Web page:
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Sunday, August 23, 2009

contracting vs. full-time job

A reader writes:

About 9 months ago I was let go from a great full-time contracting position I held for three years with a large corporation. At the time, the company was laying off hundreds of employees and contractors like myself were the first to go, and I was sad to leave the work and the people there behind. After a couple of months of job-searching I landed a new job at a much smaller company and have been reasonably happy at this new position, minus the longer commute and less than half the pay I was making before as a contractor.

Now my new company is transitioning to a smaller location and is struggling financially, and I've been led to believe through several conversations with my boss that my job could be in peril. I've been searching for openings at several companies through my network contacts and have been notified of a position that is opening up with my old company (which seems to have stabdoing relatively the same work I was doing as a contractor. The manager for this position called to ask if I was interested to contract for them to start, although they would be opening up a search to fill it permanently both internally and externally. I responded that I was interested in both the contract and permanent position and would give my final answer to my availabilty within a few days.

So, after a year of being in a precarious position career-wise, I'm still uncertain; do I take the contracting position that could either lead to a permanent spot, or leave me with a month or two of work and out job-hunting again after they hire someone other than me?

P.S. Your site was a life-saver during the months I was job searching. There were so many helpful tips that provided me with guidance from cover-letter writing to how to handle phone interviews -- I learned a lot. Thanks for your help!

People who write nice things get their questions answered faster. Usually. I'm currently really behind on my mail, even among people who have said nice things (sorry to those people!). There are currently 161 emails in my in-box, so I may need to go on a posting frenzy soon.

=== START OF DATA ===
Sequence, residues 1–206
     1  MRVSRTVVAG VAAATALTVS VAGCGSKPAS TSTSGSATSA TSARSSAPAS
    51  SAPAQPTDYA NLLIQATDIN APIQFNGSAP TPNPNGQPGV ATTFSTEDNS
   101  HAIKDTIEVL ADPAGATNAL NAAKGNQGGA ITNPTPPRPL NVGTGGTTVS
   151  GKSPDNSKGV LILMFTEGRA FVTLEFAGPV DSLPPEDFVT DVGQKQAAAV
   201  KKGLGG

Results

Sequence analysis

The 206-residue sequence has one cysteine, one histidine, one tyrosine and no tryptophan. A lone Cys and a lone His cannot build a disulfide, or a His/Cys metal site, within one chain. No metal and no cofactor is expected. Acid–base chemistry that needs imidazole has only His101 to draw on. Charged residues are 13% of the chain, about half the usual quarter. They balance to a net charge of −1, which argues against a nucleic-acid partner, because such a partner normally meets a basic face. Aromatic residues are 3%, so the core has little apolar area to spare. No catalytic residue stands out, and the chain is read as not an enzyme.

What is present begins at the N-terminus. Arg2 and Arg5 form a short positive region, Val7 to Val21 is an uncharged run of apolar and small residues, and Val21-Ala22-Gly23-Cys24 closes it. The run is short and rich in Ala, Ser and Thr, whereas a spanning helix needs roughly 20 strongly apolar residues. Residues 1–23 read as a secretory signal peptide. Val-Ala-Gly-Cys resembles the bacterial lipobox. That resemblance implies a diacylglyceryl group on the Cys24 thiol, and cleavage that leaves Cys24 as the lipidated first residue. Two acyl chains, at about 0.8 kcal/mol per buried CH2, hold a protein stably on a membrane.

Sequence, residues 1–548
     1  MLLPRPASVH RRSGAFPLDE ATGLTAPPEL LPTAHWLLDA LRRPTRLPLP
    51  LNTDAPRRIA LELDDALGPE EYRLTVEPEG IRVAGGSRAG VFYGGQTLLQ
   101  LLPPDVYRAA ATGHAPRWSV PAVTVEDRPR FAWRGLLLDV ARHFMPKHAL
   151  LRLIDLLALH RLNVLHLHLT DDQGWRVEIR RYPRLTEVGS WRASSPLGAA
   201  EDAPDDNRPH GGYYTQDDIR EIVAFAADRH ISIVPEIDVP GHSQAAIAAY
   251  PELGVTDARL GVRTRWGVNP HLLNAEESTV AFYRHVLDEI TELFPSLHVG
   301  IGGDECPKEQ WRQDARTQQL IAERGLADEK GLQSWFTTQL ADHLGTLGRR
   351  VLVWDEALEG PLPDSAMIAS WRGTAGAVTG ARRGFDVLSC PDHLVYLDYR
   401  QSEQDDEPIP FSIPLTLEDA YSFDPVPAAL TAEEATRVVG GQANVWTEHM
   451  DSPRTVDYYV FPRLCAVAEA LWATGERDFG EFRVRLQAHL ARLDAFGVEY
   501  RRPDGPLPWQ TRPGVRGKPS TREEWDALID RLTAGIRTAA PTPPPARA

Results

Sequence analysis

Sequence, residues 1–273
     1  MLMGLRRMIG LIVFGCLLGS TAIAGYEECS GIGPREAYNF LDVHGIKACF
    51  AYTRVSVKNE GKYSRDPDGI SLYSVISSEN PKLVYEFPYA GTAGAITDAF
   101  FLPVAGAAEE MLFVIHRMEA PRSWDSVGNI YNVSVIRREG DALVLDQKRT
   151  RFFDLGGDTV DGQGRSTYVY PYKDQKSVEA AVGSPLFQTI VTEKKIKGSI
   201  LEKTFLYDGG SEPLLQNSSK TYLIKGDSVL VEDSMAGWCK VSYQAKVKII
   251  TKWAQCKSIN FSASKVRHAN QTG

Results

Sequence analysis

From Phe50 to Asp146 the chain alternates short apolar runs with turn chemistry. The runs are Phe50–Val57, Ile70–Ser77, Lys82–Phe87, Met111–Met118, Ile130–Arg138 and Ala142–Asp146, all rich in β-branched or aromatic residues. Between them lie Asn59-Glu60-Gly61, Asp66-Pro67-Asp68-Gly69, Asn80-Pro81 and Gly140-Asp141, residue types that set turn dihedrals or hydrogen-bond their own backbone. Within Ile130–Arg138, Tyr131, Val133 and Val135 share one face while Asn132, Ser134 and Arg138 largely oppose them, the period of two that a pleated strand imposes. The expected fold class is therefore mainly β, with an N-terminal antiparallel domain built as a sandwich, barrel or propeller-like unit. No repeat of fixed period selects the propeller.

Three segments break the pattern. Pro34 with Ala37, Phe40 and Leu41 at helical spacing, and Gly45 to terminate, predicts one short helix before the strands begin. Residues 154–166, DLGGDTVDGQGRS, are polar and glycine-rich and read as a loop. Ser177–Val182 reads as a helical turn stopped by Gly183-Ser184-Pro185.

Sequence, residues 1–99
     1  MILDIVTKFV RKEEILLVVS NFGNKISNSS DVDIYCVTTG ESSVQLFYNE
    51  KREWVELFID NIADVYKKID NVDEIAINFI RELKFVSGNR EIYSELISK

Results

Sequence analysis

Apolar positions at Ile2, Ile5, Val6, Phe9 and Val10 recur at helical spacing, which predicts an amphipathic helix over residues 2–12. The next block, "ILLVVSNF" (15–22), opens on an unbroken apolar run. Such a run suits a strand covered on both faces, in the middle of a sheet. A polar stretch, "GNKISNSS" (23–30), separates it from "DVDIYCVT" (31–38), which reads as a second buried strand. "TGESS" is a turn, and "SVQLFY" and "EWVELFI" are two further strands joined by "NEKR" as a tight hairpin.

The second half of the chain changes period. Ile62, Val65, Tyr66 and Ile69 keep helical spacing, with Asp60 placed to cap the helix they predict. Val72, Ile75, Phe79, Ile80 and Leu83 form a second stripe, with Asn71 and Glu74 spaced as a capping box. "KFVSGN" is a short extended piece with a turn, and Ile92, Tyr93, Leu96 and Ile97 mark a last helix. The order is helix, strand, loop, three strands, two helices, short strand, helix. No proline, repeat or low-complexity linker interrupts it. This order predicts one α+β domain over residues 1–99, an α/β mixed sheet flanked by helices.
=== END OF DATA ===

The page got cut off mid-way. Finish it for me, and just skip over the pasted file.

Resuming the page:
My immediate thought is that you need more information from both companies.

Your old company: Tell them you're extremely interested but concerned about job security since they previously laid you off. Ask what they can tell you that can help you comfortably accept their offer. Ask if they're willing to commit to employing you for a specific period of time (can't hurt to ask; guilt from laying you off might lead them to say yes, and sometimes asking for things results in you getting them). See how you feel about what they say.

Your new company: Ask your boss candidly what your prospects are for still being there in a year. Since he may not be straightforward with you, let your knowledge of his past candor (or lack thereof) guide you as you evaluate his answer. You might even tell him that your old company approached you about contracting again, that you don't want to leave your current job, but that you figured you'd be crazy not to check in with him, given what's going on with the economy and this company. If he knows lay-offs are coming, this may prompt him to hint you should take the other job. Pay attention to hints and hesitation.

I think you'll be able to make a decision once you have both these conversations. Good luck!


Anonymous said...

One of the things that bugs me about contractors is that they get hooked on the "great pay" that they make. But along with that great pay comes uncertainty -- as everyone knows, contractors are the first to go when the axe falls.